Friday, 4 December 2009
Daughters of Diana
I love hunting, I have since I rode to hounds for the fist time when I was twelve years old. I’ve also enjoyed a spot of rough shooting now and then, small game. It’s just a thrill; I offer no excuse or justification beyond that; I have absolutely no guilt or regrets. I like to think of myself as one of the daughters of Artemis, Diana, if you prefer, one of strigae, the wild women who followed the goddess in the hunt. But through the ages, at least until modern times, the practice of hunting has been seen as the preserve of men. It pleased me to read a nice corrective to this assumption, an article by Richard Almond entitled The Medieval Huntress in the latest issue of the BBC History Magazine.
Although hunting in the medieval period was universally popular among men, there is little or no mention of female hunters in the texts that have survived from the period. But taking a wider view, looking at illuminated manuscripts, tapestries, paintings, carvings, engravings and prints, women, women from all social classes, can be seen taking part in all sorts of sport. There, at one level, are the great ladies of court, pursuing deer on horseback or shooting driven game, while at the other level peasant women net birds, ferreted rabbits and even poach venison.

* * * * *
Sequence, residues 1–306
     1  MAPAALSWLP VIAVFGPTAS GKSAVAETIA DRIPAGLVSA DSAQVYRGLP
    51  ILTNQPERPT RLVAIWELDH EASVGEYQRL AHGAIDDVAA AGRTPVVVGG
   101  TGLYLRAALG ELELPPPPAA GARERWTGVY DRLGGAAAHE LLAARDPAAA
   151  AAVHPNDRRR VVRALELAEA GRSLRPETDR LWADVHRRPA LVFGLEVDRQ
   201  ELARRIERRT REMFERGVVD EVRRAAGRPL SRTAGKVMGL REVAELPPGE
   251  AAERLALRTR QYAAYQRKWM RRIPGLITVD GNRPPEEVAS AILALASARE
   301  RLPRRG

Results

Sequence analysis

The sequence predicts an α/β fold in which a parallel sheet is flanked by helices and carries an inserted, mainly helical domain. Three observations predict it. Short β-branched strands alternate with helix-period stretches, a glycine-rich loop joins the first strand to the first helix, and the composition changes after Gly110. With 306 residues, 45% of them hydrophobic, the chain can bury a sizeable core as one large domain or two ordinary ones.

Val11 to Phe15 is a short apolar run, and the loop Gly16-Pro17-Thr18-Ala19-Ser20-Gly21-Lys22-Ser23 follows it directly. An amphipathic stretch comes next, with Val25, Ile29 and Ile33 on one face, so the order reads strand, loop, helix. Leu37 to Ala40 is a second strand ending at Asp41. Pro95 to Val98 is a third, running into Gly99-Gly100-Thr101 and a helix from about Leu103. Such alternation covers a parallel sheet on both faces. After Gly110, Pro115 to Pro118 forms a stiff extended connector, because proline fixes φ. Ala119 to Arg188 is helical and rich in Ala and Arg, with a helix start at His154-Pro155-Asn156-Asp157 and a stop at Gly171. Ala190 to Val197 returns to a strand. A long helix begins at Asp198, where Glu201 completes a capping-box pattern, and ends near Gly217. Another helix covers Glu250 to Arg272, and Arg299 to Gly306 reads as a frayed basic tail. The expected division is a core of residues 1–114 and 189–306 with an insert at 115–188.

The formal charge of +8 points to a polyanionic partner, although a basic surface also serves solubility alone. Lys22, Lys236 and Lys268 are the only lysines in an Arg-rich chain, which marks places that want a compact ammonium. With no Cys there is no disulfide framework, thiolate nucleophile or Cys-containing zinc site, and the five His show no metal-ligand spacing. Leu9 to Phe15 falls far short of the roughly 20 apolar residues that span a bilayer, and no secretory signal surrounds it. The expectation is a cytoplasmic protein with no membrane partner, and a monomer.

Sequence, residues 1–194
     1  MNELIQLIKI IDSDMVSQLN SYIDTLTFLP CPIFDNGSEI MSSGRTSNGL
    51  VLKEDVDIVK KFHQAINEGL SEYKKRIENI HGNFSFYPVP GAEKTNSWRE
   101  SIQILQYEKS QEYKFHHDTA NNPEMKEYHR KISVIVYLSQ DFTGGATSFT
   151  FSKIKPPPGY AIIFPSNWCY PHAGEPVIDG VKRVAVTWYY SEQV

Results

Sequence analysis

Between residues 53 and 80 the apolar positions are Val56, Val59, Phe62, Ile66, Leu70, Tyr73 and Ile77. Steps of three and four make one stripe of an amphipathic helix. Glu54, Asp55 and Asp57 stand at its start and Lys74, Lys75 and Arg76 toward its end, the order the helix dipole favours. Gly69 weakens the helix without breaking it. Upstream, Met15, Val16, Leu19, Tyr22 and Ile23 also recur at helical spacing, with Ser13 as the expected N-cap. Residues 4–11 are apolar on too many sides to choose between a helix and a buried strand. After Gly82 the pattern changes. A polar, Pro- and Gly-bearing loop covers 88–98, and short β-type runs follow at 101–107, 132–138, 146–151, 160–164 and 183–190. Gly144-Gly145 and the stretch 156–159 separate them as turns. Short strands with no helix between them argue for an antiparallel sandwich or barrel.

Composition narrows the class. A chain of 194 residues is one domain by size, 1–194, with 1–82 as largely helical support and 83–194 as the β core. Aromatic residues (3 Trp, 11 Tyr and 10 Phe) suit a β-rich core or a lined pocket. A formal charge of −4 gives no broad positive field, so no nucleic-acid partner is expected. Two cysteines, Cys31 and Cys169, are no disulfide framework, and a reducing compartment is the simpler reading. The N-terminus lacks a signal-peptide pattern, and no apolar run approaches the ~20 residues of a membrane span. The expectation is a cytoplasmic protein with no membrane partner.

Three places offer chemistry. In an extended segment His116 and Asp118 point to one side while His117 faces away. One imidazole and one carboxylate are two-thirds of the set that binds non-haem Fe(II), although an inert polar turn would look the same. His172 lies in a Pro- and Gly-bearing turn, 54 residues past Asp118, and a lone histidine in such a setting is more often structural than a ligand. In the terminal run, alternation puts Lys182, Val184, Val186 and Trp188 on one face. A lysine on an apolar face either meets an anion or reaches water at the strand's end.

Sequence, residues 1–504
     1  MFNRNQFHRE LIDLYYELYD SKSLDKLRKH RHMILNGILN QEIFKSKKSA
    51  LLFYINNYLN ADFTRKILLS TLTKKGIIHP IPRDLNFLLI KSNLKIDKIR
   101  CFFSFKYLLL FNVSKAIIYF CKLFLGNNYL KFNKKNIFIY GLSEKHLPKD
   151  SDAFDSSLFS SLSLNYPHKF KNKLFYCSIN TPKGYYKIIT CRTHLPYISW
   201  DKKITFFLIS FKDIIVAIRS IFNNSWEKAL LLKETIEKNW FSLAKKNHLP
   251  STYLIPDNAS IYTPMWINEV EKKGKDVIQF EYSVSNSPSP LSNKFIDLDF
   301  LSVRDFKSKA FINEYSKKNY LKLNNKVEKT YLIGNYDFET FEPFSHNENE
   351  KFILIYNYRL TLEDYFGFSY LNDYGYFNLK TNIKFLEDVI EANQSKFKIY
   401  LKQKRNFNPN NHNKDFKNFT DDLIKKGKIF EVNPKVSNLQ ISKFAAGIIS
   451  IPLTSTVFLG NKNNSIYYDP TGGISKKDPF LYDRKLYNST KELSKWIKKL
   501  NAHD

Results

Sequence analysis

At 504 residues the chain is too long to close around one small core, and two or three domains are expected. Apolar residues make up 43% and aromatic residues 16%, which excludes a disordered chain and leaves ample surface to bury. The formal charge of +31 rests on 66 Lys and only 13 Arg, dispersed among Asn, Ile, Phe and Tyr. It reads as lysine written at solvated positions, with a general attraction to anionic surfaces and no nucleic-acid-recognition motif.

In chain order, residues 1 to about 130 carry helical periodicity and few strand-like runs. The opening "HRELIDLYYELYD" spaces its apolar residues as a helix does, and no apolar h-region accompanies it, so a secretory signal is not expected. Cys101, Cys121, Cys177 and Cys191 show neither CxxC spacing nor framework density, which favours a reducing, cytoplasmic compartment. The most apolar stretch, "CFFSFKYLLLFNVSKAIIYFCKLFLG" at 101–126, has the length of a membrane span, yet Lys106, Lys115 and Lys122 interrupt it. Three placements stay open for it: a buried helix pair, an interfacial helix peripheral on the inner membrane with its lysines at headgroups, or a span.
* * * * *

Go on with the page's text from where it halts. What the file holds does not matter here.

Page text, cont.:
Most often these women are depicted alongside male companions but they can also been seen hunting or hawking on their own or with other women. In a miniature from The Romance of Alexander, held in the Bodleian Library, women are depicted hunting on foot. On the left two are shown hunting hart with dogs, one with a hunting horn, the other thrusting a cross-hilted spear into a beast caught by one of her hounds. One the right another two are shown hawking, one recalls her bird with the aid of a lure, while two further hawks swoop down on a duck.
Perhaps the greatest Renaissance huntress was Diane de Poitiers, mistress of Henry II of France, who was portrayed as Diana herself, reclining on a hart with one of her favourite hounds in marble as The Diana of Anet. There are other depictions of her as the goddess in several portraits of the period.
Certeine wicked women following sathans prouocations being seduced by the illusions of diuels, beleeve and professe, that in the night times they ride abroad with Diana, the goddesse of the Pagans, or else with Herodias, with an innumerable multitude...
Great is Diana of the Ephesians; greater still is Diana of the huntress. :-)